Sleep Fragmentation and the Risk of Incident Alzheimer's Disease and Cognitive Decline in Older Persons
Division of Neurology, Department of Medicine, Sunnybrook Health Sciences Centre, University of Toronto, Toronto, ON, Canada. Sleep
(Impact Factor: 4.59).
07/2013; 36(7):1027-1032. DOI: 10.5665/sleep.2802
Cross-sectional studies suggest that sleep fragmentation is associated with cognitive performance in older adults. We tested the hypothesis that sleep fragmentation is associated with incident Alzheimer's disease (AD) and the rate of cognitive decline in older adults.
Prospective cohort study.
737 community dwelling older adults without dementia.
Sleep fragmentation was quantified from up to 10 consecutive days of actigraphy. Subjects underwent annual evaluation for AD with 19 neuropsychological tests. Over a follow-up period of up to 6 years (mean 3.3 years), 97 individuals developed AD. In a Cox proportional hazards model controlling for age, sex, and education, a higher level of sleep fragmentation was associated with an increased risk of AD (HR = 1.22, 95%CI 1.03-1.44, P = 0.02 per 1SD increase in sleep fragmentation). An individual with high sleep fragmentation (90(th) percentile) had a 1.5-fold risk of developing AD as compared with someone with low sleep fragmentation (10(th) percentile). The association of sleep fragmentation with incident AD did not vary along demographic lines and was unchanged after controlling for potential confounders including total daily rest time, chronic medical conditions, and the use of common medications which can affect sleep. In a linear mixed effect analysis, a 0.01 unit increase in sleep fragmentation was associated with a 22% increase in the annual rate of cognitive decline relative to the average rate of decline in the cohort (Estimate = -0.016, SE = 0.007, P = 0.03).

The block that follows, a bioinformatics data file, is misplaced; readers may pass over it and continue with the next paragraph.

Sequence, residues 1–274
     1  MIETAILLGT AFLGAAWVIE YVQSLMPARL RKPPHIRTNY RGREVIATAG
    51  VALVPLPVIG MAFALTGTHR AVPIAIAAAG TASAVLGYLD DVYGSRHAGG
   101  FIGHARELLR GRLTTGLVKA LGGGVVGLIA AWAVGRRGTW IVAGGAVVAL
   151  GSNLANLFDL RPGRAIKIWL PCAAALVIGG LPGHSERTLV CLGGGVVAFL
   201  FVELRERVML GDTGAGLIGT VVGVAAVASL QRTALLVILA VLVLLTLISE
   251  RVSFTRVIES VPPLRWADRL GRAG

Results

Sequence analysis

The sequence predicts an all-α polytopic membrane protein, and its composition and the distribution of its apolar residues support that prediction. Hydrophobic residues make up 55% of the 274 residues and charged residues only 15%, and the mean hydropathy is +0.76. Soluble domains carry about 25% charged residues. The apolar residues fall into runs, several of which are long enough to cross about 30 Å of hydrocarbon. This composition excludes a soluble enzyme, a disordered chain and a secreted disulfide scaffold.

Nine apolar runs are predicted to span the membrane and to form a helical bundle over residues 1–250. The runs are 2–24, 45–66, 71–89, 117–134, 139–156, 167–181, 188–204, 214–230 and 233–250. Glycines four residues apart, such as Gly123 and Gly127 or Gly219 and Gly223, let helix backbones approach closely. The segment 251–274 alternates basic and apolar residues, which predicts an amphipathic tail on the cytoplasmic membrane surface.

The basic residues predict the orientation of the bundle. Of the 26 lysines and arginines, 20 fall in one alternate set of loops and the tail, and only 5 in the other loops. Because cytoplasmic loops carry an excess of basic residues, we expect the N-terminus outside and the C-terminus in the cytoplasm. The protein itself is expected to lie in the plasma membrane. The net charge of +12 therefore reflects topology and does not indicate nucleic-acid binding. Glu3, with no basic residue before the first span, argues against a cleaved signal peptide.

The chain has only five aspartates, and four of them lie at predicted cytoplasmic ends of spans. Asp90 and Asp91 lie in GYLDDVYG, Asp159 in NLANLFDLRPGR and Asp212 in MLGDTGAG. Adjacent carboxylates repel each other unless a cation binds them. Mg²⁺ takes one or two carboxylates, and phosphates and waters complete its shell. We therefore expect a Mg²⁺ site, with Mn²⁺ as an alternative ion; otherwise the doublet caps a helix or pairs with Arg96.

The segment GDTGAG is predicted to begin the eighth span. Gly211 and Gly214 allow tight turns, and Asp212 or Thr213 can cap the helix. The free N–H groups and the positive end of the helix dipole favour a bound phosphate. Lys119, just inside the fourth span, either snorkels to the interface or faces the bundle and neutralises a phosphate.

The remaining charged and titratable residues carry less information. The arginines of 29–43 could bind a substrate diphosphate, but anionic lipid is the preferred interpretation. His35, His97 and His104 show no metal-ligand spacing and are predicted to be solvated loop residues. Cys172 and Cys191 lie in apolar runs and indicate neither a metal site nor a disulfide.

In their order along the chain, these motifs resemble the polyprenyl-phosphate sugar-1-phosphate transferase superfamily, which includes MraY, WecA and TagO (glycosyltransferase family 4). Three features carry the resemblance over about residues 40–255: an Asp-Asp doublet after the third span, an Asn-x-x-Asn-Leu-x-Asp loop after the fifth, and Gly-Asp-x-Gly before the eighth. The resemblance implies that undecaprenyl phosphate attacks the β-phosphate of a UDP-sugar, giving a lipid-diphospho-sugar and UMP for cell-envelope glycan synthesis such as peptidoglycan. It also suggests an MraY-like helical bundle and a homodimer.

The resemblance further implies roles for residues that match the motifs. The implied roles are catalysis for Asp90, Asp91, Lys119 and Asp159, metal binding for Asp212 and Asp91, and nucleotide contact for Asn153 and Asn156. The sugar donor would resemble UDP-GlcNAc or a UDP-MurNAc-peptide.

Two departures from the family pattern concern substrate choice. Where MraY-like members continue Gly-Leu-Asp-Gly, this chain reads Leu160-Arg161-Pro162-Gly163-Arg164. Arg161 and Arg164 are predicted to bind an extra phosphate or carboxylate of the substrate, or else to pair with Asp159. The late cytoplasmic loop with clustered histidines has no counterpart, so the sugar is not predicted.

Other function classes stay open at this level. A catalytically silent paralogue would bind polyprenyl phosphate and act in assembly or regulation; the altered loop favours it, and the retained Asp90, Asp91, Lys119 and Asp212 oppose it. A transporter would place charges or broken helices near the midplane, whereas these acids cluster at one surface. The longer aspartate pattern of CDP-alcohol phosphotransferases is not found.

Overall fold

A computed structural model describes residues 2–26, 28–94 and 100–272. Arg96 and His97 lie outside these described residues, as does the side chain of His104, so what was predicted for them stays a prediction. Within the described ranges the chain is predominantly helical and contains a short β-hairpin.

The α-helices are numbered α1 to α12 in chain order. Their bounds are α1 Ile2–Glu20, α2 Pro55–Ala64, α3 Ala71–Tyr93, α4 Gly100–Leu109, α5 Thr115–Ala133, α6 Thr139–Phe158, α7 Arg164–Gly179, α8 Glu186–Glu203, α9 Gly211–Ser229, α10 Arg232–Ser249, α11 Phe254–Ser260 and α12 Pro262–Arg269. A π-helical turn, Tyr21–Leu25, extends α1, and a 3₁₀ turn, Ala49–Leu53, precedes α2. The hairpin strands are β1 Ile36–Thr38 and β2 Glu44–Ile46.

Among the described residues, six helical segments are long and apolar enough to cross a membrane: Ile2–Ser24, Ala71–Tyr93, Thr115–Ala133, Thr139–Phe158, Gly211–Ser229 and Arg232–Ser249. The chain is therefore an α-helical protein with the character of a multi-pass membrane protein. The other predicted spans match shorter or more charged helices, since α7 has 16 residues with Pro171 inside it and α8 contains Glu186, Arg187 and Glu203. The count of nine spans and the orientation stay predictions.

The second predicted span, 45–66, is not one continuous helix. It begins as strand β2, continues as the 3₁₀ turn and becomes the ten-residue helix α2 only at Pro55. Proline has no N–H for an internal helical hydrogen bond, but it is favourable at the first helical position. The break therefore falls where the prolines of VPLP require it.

Sleep fragmentation in older adults is associated with incident AD and the rate of cognitive decline.
Lim ASP; Kowgier M; Yu L; Buchman AS; Bennett DA. Sleep fragmentation and the risk of incident alzheimer's disease and cognitive decline in older persons. SLEEP 2013;36(7):1027-1032.
Available from: Erik S Musiek
- "In AD, both sleep and circadian dysfunction are commonly reported. While sleep disturbances in AD are beyond the scope of this discussion and have been reviewed elsewhere (Ju et al., 2014; Peter-Derex et al., 2014), it is important to mention that subtle sleep disturbances appear to occur early in the disease process and may predict amyloid-beta (Aβ) plaque pathology and precede subsequent development of clinical dementia (Ju et al., 2013; Lim et al., 2013a; Spira et al., 2013). Disrupted circadian rhythms in activity, physiologic parameters, and melatonin secretion have been reported in AD reported by several groups (Witting et al., 1990; Skene and Swaab, 2003; Hatfield et al., 2004; Wu et al., 2006; Hu et al., 2009; Coogan et al., 2013). "
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ABSTRACT: Disturbance of the circadian system, manifested as disrupted daily rhythms of physiologic parameters such as sleep, activity, and hormone secretion, has long been observed as a symptom of several neurodegenerative diseases, including Alzheimer disease. Circadian abnormalities have generally been considered consequences of the neurodegeneration. Recent evidence suggests, however, that circadian disruption might actually contribute to the neurodegenerative process, and thus might be a modifiable cause of neural injury. Herein we will review the evidence implicating circadian rhythms disturbances and clock gene dysfunction in neurodegeneration, with an emphasis on future research directions and potential therapeutic implications for neurodegenerative diseases.